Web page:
invaluable hands-on experience through their
decathlon e;orts. Architects and builders win
with the research and development advancements that come out of the competition. Consumers win by seeing the potential of solar-powered living firsthand. The planet wins
because everyone is working together toward
a clean, environmentally friendly way of life.
Most important, the student Decathletes
win the opportunity of a lifetime. ;ey have the
chance to apply their classroom education to
real-world situations, develop management and
problem-solving skills, represent their schools
at a global competition, forge camaraderie, be
creative, win a contest and maybe even be a
hero ; all of which adds up to an awesome
experience. ;e 2,000-plus students who will
participate directly in this year’s Solar Decathlon constitute a talented stable of well-trained
young adults ready to enter the workforce and
prepared to tackle virtually anything.
History shows that it’s tough
to predict which team will score
the most points in the decathlon.
Some things have changed since
DOE sent out invitations to participate in the inaugural 2002
Solar Decathlon, but others
remain the same. Speci;cally,
unexpected things can happen. Teams can triumph over
the greatest adversities to go
further and achieve more than
even the team itself expects.
One of my favorite examples of such a triumph is from
the 2007 Solar Decathlon. It’s
about a small school whose
team overcame every disadvantage, including some catastrophic mishaps during the transport of their
house, to outperform competitors with many
times their resources.
KAYE EVANS;LU TTERODT/SOLAR DECA THLON
Crowds pack the 2007 Solar Decathlon on the
National Mall in Washington, D.C.
Santa Clara University’s story has a li;le
of everything: appealing design, sustainable
materials and cu;ing-edge technology mixed
with drama, individual fortitude and a li;le
good fortune. In 2007, the team arrived late,
started in 18th place and worked its way up
to third, ahead of the Massachuse;s Institute
of Technology, Penn State and 15 other universities ; an amazing e;ort for the smallest
university (only 4,500 students) in a ;eld of
schools 10 times its size.
How did the team do so well against such
odds? I recently posed that question to James
Bickford, the team leader for the 2007 Santa
Clara team, whose leadership kept the team
focused when it ma;ered most.
Here is a summary of our conversation.
RICHARD: What were the two most
important design issues you grappled with?
JAMES: ;e biggest team challenge was
;guring out how to integrate a team of artists with a team of engineers. “Right-brained”
and “le;-brained” con;icts occurred all the
time. When we did ;nally manage to compromise, the resulting product was much be;er
than either side would have come up with on
their own. We de;nitely had a couple of epic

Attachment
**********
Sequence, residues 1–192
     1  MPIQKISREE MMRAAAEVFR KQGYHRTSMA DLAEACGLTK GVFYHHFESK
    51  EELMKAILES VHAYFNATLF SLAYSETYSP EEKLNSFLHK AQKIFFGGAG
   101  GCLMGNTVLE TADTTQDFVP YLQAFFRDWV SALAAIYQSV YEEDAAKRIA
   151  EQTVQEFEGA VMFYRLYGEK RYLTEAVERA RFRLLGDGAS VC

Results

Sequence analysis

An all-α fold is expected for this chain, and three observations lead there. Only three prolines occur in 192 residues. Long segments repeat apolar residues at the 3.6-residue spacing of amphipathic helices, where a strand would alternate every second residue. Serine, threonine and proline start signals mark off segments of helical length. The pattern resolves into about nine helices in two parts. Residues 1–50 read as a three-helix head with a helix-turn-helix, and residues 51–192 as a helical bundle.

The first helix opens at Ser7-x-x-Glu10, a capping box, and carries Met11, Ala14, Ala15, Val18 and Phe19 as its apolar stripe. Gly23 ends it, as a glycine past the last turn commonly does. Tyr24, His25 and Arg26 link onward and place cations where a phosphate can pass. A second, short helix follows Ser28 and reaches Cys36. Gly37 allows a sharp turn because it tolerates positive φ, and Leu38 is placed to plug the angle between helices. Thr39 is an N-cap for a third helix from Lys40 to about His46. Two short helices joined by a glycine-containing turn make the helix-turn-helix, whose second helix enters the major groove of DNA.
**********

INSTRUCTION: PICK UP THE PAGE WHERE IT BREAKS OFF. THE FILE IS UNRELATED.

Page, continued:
moments in the process, however!
;e biggest design challenge was determining how to make the house feel bigger without
Facing page, left, the Santa Clara house, which
won third place overall, is ;rst on the right. Right,
Santa Clara University team leader James Bickford holds the third-place Solar Decathlon 2007
trophy, surrounded by jubilant team members.
Due to transport problems, the team arrived
late, started in 18th place and worked its way
up to third, ahead of schools 10 times its size.
Plan to Attend
For approximately three weeks in October, the National Mall in
Washington, D.C., will be transformed
into a Solar Village, the site of 20 solar-powered houses designed and built by
university teams in four countries.
U.S. Department of Energy (DOE)
Solar Decathlon 2009 is the fourth
event since the competition was established in 2002. Teams are selected based
on proposals submitted. Competitors
for the 2009 Solar Decathlon were
announced in January 2008, giving
each team approximately one-and-a-half years to conceive and construct
every aspect of an attractive, energy-efficient house — powered
fully by solar energy.
DOE provides every team with
$100,000 in initial funding. The teams
are responsible for generating additional contributions of money, goods
and services to meet their needs.
Once the houses are complete, they
are disassembled and transported to
Washington for the competition on
the Mall, where they are re-assembled,
furnished, landscaped and readied for
judging by Solar Decathlon jurors and
viewing by the general public. After
the competition, teams again break
down their houses and transport them
back home, where they may be sold,
integrated into the campus or designated for another use.
Teams compete for points in 10
contests, ranging from design excellence to efficient use of energy throughout the home. The team with the most
combined points at the end
of the competition wins.
The Solar Village is open to the public
Oct. 9–13 and 15–18, with the overall
winner to be announced Oct. 16. Public
tours of the houses are from 11 a.m.
to 3 p.m. weekdays and from 10 a.m. to
5 p.m. on weekends. Visitors are
encouraged to meet the teams, view
the houses and experience the educational exhibits at this free event. Access
solardecathlon.org for full details.